Cricket in India

Fake Indian Cricket League Fools Punters in Russia

Cricket in IndiaThere are some stories that are stranger than fiction. In July 2022, a story emerged that a group of farmers in India had managed to convince Russian gamblers to place bets on cricket matches that they were playing under the impression that they were betting on the actual Indian Premier League. The scam itself was as simple as it comes, to the point that it really shouldn’t have worked. Yet work it did, with punters in the Russian cities of Tver, Vorone and Moscow placing bets on matches via a Telegram account.

The ‘tournament’ reached the quarter-final stage before local police got involved. It worked largely because of the simplicity, with the gang responsible for it using HD cameras to broadcast the action to YouTube and being careful to never show the full ground. Instead, noises of a crowd downloaded from the internet were laid over the video, alongside commentary from someone that sounded like the famous IPL commentator, Harsha Bhogle. Given that the perpetrators made more than 300,000 rupees before the police got on to what was happening, it was a very successful scam indeed.

What Is the IPL?

Indian Premier League (IPL) logoWe will start at the very beginning with a quick explanation of what the Indian Premier League actually is. A men’s professional cricket league based on the Twenty20 format, it involves ten teams across seven cities in India. It was founded in 2007 by the Board of Control for Cricket in India and takes place between March and May annually. It is the most attended cricket league anywhere in the world and was ranked sixth for attendance amongst all sports leagues in 2014. According to Duff & Phelps, the brand value was $6.2 billion in 2019.

Tournament Format

The format of the tournament sees the ten teams play in two virtual groups of give, with the top four teams qualifying for the play-offs. The top two teams from the league phase go up against one another in the first qualifying match and the winner goes straight to the final. The runner-up takes part in the second qualifying match, with the third and fourth-placed teams playing each other in an eliminator match to see who will play in that second qualifying match. The winner moves into the IPL final, where the Indian Premier League champions will be crowned.

Teams in the IPL

Games in the IPL use television timeouts, which means that there is no limit to the time in which teams must complete their innings. The Umpire Review System has been in place since 2018, allowing each team one chance per inning to review the on-field decision. Here is a list of the teams currently taking part in the Indian Premier League:

Chennai Super Kings
Delhi Capitals
Gujarat Titans
Kolkata Knight Riders
Lucknow Super Giants
Mumbai Indians
Punjab Kings
Rajasthan Royals
Royal Challengers Bangalore
Sunrisers Hyderabad

What Happened With the Fake League?

Filming fake match

Now that we know how the actual Indian Premier League works, it makes what happened with the fake league even more fascinating. For starters, the ‘league’ got underway after the regular IPL season was over and done with, which should have been the first warning sign for the Russian gamblers. What they did, however, was work together to pull the wool over the eyes of the bettors, starting with the decision to rent a remote farm in Molipur village, which is in the Mehsana district of Gujarat.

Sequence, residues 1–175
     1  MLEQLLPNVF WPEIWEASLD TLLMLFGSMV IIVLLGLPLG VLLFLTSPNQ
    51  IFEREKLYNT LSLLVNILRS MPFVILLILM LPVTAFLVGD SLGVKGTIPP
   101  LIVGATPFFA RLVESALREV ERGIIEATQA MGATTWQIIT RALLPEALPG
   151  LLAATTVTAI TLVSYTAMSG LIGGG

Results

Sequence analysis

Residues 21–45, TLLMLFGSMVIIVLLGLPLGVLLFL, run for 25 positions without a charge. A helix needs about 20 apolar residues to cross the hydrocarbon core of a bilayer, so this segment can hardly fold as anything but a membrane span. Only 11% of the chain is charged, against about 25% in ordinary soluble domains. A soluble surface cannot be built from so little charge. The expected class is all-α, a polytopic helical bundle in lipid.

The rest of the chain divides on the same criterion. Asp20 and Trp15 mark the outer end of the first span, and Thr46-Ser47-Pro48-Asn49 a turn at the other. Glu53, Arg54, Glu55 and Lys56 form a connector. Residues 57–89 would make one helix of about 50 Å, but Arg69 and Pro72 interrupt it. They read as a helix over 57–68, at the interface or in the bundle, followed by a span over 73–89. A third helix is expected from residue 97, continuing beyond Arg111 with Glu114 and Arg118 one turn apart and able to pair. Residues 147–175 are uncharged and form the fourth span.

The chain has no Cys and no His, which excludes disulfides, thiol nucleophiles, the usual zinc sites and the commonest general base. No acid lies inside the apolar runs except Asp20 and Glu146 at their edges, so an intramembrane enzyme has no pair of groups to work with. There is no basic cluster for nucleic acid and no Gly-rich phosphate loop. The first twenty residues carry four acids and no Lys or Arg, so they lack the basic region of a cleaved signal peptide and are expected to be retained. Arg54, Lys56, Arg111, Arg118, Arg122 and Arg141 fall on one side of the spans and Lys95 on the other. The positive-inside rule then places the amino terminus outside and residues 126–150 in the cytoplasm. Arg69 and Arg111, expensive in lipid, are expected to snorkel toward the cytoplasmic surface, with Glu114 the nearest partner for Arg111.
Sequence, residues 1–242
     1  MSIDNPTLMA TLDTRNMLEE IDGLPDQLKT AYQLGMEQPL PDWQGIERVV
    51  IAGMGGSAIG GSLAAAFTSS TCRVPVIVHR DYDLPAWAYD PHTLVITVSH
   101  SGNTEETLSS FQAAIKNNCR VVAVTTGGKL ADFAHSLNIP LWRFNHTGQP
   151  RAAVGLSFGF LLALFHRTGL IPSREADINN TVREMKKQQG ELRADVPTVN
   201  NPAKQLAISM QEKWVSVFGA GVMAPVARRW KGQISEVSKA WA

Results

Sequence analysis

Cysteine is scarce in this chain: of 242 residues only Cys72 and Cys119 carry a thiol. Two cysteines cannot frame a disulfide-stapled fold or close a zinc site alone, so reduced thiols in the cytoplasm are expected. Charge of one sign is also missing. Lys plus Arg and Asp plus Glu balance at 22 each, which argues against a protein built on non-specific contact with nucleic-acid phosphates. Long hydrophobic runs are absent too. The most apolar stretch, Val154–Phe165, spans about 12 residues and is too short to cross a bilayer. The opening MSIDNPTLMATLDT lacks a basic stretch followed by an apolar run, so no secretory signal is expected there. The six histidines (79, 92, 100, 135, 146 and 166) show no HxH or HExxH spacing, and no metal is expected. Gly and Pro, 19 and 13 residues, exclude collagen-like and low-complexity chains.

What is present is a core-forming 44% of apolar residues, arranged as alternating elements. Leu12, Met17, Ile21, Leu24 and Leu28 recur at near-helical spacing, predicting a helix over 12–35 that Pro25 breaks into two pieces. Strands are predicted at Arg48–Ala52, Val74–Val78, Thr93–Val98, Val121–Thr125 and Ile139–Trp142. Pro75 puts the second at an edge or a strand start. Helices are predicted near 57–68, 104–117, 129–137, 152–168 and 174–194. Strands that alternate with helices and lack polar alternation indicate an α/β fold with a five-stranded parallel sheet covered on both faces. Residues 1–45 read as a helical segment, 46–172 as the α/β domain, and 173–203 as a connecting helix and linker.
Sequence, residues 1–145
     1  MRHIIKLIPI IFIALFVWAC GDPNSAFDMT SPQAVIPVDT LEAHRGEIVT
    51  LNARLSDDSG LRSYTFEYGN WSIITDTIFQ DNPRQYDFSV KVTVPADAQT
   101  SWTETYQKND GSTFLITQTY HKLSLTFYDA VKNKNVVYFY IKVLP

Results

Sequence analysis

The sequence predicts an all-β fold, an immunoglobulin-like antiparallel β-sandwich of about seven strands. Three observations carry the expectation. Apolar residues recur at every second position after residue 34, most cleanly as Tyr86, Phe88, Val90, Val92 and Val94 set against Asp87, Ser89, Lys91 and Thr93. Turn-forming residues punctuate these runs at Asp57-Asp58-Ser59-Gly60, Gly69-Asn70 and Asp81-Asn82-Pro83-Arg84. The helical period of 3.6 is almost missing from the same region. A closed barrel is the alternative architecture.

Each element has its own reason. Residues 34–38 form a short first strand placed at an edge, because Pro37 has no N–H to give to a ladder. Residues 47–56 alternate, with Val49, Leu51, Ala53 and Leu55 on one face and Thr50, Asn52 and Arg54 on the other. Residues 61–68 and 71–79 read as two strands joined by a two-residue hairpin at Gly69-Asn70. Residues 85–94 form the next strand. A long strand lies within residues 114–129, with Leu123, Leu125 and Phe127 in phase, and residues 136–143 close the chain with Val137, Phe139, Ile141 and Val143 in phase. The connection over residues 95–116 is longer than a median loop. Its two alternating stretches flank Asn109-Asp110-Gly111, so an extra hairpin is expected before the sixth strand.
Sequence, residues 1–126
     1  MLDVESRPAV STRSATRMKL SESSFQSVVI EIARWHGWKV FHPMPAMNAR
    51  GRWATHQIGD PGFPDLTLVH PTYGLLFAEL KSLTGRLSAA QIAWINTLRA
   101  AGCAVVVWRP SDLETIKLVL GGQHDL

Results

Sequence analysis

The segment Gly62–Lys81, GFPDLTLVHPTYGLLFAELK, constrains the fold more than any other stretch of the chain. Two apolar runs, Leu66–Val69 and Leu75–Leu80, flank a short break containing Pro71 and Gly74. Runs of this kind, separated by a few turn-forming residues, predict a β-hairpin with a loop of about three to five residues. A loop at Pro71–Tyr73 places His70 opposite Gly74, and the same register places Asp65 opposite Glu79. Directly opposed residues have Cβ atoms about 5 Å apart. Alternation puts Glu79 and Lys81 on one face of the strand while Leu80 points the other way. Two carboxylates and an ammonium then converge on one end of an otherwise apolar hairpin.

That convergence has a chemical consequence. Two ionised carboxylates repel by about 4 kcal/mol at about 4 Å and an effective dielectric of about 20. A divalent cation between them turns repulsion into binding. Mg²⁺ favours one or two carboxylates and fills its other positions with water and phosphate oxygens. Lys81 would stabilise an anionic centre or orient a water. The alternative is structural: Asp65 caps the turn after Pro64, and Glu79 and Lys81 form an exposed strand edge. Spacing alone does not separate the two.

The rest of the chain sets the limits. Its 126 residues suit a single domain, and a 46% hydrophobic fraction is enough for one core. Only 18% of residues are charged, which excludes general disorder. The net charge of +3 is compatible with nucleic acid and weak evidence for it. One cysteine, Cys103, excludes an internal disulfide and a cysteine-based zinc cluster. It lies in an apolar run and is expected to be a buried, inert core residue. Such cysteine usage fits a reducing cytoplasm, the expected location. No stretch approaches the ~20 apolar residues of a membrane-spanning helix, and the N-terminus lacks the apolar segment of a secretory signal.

Actors & Cameras

Using up to 21 farm labourers and unemployed local children, the people involved were asked to pull on colourful uniforms from teams like the Chennai Super Kings, Gujarat Titans and Mumbai Indians. Those taking part were paid the equivalent of $5 per day to act like professional cricketers, whilst cameramen used five HD cameras to film what was happening. In order to get around the lack of an actual crowd, the focus was put onto the players and the umpire, which was really just a man in a white coat and hat wearing grey pants.

Fake Crowd Noise & Graphics

Once the filming had taken place, fake crowd noise was overlaid onto the footage in addition to computer generated graphics that offered it a sense of authenticity. Not only that, but the entire thing was given even more legitimacy when someone that could do a good impersonation of one of the IPL’s main commentators, Harsha Bhogle, mimicked him and added commentary to the videos. Shoeb Davda was later named as the main organiser of it, having persuaded Russian punters to place bets via the mobile app Telegram.

Fake Umpire Given Cues

The fake umpire was told via walkie-talkie whether to indicate that the batter had hit a four, a six or was out, dependent on the bets being placed on what was happening. Once the Russians had been lured into placing the bets, the action would play out accordingly. The Russians were addicted to betting on T20 matches, according to reports, with teams making it all the way to the ‘quarter-final’ of the competition before police turned up and put an end to the charade. Four people were arrested in the immediate aftermath of the plot being uncovered.

Broadcasting Rights Aren’t Cheap